World Breastfeeding Week is commemorated worldwide in the first week of August to emphasize the importance of regular breastfeeding for babies and to encourage and support breastfeeding. The week also marks the anniversary of the Innocenti Declaration – the UN declaration on breastfeeding that was made on August 1, 1990. World Breastfeeding Week is celebrated annually across 170 countries through different activities, forums, and outreach campaigns. This year in Ethiopia, the Ministry of Health, the World Health Organization, UNICEF, and other partners commemorated the day in Debre Berhan Town, focusing on the importance of breastfeeding, particularly in emergency settings, considering the ongoing dynamics in the country.
As part of the commemorative event, participants visited Woinshet Camp in Debreberhan, which houses more than 25,000 internally displaced persons (IDPs). At the camp, the importance of breastfeeding and the devotion of mothers to breastfeed their babies even in difficult situations, was evident as mothers with young babies were seen breastfeeding their children.
Under this year's theme, "Step up for breastfeeding: Educate and Support", Dr Meseret Zelalem, Director of Maternal and Child Health at Ministry of Health Ethiopia, said, "Breastfeeding is the best gift a mother can give to her child as breastmilk has the right combination of essential nutrients for physical and mental development as well as protective antibodies that a baby needs."
Over the years, Ethiopia has experienced several natural disasters and human-made emergencies such as drought, floods, locust invasions, and conflict, resulting in damage to crops and livestock as well as internal displacement.
Breastfeeding is significantly compromised during such emergencies. Families are forced to leave their homes and exposed to devastating food insecurity, poor sanitation, and disruptions of basic services. At such times, the health and life of infants and children is at greater risk from malnutrition and disease outbreaks, as displacement limits the ability of communities to practice proper infant and young child feeding and impedes on their access to essential health and nutrition services. To address this, WHO collaborated with the Ministry of Health and other stakeholders to develop Guideline for Infant and Young Child Feeding in Emergencies for Ethiopia. Breastfeeding has been highlighted in the document as one of the actions to ensure young child and infant nutrition.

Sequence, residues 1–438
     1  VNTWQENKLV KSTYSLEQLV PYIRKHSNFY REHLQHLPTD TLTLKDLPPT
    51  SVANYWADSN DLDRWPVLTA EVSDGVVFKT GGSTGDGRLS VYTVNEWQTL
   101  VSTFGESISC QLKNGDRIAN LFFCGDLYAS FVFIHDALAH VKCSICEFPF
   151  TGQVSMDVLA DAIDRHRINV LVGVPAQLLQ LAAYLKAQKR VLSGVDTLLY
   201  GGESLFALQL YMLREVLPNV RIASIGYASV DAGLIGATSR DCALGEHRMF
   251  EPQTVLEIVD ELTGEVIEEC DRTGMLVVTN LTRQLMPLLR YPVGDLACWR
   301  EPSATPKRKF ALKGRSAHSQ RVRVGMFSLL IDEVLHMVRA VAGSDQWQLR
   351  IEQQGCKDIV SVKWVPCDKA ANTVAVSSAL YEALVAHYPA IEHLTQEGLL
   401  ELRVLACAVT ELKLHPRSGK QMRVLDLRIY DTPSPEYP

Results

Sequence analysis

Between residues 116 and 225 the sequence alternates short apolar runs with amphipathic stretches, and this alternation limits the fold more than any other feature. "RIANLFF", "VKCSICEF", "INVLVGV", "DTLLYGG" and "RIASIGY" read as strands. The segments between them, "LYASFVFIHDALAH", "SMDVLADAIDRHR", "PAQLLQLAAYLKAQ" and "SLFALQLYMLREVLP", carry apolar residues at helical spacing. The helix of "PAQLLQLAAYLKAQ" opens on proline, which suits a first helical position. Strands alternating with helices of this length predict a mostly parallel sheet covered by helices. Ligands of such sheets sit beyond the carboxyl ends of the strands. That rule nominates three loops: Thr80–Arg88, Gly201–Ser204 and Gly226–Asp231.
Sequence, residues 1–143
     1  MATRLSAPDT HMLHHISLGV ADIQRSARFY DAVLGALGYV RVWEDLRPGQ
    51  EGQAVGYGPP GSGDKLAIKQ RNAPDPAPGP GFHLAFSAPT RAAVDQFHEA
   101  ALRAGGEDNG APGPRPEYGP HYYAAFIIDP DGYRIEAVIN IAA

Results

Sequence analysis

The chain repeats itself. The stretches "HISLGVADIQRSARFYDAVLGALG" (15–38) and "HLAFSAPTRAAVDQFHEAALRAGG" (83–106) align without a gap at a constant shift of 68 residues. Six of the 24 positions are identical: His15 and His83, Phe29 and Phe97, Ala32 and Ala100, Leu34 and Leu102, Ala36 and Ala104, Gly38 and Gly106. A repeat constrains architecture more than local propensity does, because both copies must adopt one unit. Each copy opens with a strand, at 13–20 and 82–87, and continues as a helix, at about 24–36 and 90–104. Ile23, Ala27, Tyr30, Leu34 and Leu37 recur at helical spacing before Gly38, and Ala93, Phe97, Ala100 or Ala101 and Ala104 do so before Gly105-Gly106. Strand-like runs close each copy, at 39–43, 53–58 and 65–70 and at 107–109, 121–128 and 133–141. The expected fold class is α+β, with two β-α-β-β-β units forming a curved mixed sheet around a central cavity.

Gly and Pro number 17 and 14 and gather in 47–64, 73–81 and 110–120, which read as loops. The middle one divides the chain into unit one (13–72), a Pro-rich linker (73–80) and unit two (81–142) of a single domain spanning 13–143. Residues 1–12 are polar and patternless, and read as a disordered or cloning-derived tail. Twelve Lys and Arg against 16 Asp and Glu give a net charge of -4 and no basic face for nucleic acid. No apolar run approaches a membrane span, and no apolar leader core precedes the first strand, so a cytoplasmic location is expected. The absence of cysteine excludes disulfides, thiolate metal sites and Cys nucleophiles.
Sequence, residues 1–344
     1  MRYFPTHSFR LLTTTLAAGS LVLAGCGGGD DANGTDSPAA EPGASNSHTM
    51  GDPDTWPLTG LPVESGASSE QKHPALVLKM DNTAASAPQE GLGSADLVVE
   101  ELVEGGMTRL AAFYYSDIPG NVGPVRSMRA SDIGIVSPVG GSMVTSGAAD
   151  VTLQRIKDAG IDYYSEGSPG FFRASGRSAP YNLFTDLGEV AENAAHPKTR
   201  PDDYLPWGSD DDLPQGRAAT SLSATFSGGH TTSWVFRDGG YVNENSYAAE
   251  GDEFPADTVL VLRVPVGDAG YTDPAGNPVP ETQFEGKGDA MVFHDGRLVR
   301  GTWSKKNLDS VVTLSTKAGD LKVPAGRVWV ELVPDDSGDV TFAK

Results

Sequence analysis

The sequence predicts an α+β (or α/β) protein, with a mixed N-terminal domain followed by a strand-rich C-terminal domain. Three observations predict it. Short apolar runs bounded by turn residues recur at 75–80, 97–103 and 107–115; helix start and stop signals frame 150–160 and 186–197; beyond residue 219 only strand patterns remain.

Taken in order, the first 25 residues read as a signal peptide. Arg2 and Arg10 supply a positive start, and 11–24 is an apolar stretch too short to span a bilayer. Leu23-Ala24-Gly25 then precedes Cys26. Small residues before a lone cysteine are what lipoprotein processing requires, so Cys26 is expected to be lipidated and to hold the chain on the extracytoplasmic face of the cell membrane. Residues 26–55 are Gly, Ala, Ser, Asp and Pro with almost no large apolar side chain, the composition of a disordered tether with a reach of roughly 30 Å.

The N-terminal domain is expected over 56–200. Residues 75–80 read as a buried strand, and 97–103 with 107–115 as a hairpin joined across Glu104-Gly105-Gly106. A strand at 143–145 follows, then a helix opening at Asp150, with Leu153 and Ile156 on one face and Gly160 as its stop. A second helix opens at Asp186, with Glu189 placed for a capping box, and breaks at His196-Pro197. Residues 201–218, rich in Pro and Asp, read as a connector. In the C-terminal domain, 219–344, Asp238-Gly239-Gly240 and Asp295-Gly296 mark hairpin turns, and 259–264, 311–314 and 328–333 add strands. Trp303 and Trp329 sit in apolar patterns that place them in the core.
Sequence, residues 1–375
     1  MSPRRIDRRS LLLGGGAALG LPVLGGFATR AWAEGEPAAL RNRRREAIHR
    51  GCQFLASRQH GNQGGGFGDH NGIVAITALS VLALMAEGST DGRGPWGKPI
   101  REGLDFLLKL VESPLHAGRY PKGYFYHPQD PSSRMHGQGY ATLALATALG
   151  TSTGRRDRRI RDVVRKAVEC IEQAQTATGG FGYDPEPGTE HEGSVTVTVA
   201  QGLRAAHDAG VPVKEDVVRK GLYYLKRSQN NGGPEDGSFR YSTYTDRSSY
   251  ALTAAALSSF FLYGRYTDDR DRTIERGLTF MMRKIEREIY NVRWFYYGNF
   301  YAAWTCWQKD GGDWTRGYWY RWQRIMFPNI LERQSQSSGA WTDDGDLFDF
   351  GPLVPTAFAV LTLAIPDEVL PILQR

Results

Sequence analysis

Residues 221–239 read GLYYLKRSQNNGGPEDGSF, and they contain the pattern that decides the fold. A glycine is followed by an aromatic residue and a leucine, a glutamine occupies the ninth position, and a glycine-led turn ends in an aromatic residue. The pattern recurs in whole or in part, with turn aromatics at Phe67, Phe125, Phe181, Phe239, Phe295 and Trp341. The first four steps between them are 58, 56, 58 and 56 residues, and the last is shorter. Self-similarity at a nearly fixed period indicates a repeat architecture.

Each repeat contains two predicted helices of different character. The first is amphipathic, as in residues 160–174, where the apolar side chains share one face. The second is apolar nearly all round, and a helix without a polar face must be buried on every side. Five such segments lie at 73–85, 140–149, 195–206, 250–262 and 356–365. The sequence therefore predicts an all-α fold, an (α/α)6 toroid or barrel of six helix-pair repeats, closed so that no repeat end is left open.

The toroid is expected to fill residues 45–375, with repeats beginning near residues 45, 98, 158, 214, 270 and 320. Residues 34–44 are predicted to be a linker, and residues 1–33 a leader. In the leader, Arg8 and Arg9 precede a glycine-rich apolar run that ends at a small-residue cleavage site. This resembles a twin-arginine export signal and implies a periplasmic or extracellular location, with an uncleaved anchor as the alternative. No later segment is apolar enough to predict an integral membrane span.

As stated in the WHO-UNICEF joint statement for World Breastfeeding Week 2022, globally, fewer than half of all newborn babies are breastfed in the first hour of life, leaving them more vulnerable to disease and death. And only 44% of infants are exclusively breastfed in the first 6 months of life, short of the World Health Assembly target of 50% by 2025.
Cognizant of the importance of protecting, promoting and supporting breastfeeding for the survival, growth and development of millions of infants, WHO and UNICEF, in the joint statement, called on governments, donors, civil society and the private sector to step up efforts to:
- prioritize investing in breastfeeding support policies and programmes, especially in fragile and food insecure contexts;
- equip health and nutrition workers in facilities and communities with the skills they need to provide quality counselling and practical support to mothers to successfully breastfeed;
- protect caregivers and health-care workers from the unethical marketing influence of the formula industry by fully adopting and implementing the International Code of Marketing of Breast-Milk Substitutes, including in humanitarian settings; and
- implement family-friendly policies that provide mothers with the time, space and support they need to breastfeed.